Our results confirm that there are common features across the experiences of parental burnout and job burnout, such as a state of extreme fatigue, an emotional distancing from self and others, and a sense of incompetence. Whereas in situations of job burnout, people may be put on sick leave or quit their job, there is no such way out in situations of parental burnout. The responsibility of being a mother remains present no matter the level of stress and exhaustion that is experienced. The bond that mothers have to their children, although harmed and extremely fragile in practice, yet remains symbolically.
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Unlike in situations of burnout in families with sick children, none of the mothers we have encountered has complained about objective features of their children or their family situation that would be external factors through which they would explain why they broke down. Instead, they reported developing attitudes of self-blame while pointing to their own personality and identity as a mother to explain the painful situation in which they described themselves both as victims and perpetrators.
Interestingly, none of the women encountered in our study reported to regret motherhood. Instead, motherhood remained a central feature in their valued self-definition, even as they got exhausted, with the consequence that they would struggle to enhance their performance as mothers rather than wishing to go back to former social roles, when they had not yet become a mother.
However, to consciously develop regret toward motherhood, i. As such, it has not been explicitly explored during the research process, and none of the mothers came up with the suggestion that they might experience regret to be mothers. Biographic disruptions and reconstructions occur over the life span with every meaningful and stressful life event, be it positive or negative, which requires and adaptive process and challenges the sense of self.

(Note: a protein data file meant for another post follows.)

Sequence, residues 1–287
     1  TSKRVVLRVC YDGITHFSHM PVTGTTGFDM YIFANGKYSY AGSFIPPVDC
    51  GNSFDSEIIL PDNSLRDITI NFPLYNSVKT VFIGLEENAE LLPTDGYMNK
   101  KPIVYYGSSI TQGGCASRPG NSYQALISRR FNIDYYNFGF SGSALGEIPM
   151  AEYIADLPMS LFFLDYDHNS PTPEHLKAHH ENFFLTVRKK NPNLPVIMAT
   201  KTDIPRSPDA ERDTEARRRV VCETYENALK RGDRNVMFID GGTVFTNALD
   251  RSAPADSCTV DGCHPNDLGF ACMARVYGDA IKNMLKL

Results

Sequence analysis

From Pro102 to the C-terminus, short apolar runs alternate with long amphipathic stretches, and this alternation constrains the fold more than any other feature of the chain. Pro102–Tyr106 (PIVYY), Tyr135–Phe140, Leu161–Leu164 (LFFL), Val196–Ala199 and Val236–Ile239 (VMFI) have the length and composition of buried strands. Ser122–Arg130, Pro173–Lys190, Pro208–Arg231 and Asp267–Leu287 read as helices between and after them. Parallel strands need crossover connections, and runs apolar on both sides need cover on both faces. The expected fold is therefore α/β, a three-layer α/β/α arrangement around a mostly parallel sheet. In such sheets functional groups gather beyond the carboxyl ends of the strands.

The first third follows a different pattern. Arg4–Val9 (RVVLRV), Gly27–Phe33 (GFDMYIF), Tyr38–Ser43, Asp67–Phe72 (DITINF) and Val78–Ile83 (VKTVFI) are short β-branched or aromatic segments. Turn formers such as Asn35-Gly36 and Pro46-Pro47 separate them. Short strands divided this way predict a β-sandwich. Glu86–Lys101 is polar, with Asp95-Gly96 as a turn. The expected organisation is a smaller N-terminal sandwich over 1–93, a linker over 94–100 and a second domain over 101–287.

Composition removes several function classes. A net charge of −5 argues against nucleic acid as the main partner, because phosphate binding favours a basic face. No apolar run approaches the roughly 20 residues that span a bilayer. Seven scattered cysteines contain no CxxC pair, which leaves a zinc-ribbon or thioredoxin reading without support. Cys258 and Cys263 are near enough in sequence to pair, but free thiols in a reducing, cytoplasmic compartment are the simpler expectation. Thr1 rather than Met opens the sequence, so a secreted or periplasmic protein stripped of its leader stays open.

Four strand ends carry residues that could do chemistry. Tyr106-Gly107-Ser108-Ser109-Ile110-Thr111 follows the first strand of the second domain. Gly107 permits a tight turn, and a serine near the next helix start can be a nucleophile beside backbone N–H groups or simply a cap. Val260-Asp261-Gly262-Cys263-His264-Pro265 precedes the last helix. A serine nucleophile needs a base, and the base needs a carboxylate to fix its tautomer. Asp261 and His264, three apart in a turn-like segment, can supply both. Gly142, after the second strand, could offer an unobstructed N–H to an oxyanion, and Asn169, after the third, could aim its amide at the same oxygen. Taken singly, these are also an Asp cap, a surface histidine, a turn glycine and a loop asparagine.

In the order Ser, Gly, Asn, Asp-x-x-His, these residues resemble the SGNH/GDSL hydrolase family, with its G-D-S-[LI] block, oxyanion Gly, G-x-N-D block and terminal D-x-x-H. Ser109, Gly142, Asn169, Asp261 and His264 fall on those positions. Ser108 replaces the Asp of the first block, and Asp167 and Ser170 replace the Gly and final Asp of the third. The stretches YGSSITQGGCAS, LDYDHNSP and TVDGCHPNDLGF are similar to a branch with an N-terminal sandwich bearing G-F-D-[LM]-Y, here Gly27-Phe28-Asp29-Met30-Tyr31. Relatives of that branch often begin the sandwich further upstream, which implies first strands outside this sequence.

Parenthood is particularly challenging to that respect and multiple transitions are experienced as the children grow up and change. Self and identity are complex issues, which have been defined in different ways by different authors. According to Sedikides and Brewer , people engage in processes of self-definition by building up on 3 interrelated and co-existing self-representations, i. Our results suggest that exhausted mothers are challenged in all these three dimensions of self.
As a result of parental burnout, it seems that all these dimensions are challenged, leading to a sense of loss of self, which has been painfully expressed by the participants in our study. Following definitions from theories of job burnout, parental burnout may be understood as occurring when resources are lacking and demands exceeding.
Yet, it might be that resources are present but the mothers fail to perceive them or are reluctant to ask for help. On the one hand, mothers in such situations may be surrounded by relatives who are unaware of their distress or who feel helpless. On the other hand, they might also have inner resources which they fail to access because of a lack of self-esteem, too much fatigue or because they are not sufficiently equipped emotionally. It is likely that to identify, understand, use, express, and manage their emotions is not easy for them. As our interviews have shown, encouraging them to express their emotions and having creative strategies to deal with their stress and the various emotions that go through them are a good way to help them regain self-confidence and a sense of personal accomplishment related to their role as a mother.
Although little is known about the outcomes of parental burnout on the physical, mental, and social health of the concerned children, there is sufficient evidence that children of stressed parents are at increased risk of neglect and abuse Whipple and Webster-Stratton, ; Petfield et al.
This risk calls for primary prevention interventions, to avoid that the children of exhausted mothers are neglected or abused. To the best of our knowledge, this is the first study to give voice to very vulnerable mothers who have experienced parental burnout. We opted for a qualitative inductive method, meaning that we bracketed all a priori knowledge in the phase of data collection and data analysis so as to encourage the participants to voice their own concerns and their unique needs, in a non- judgmental way.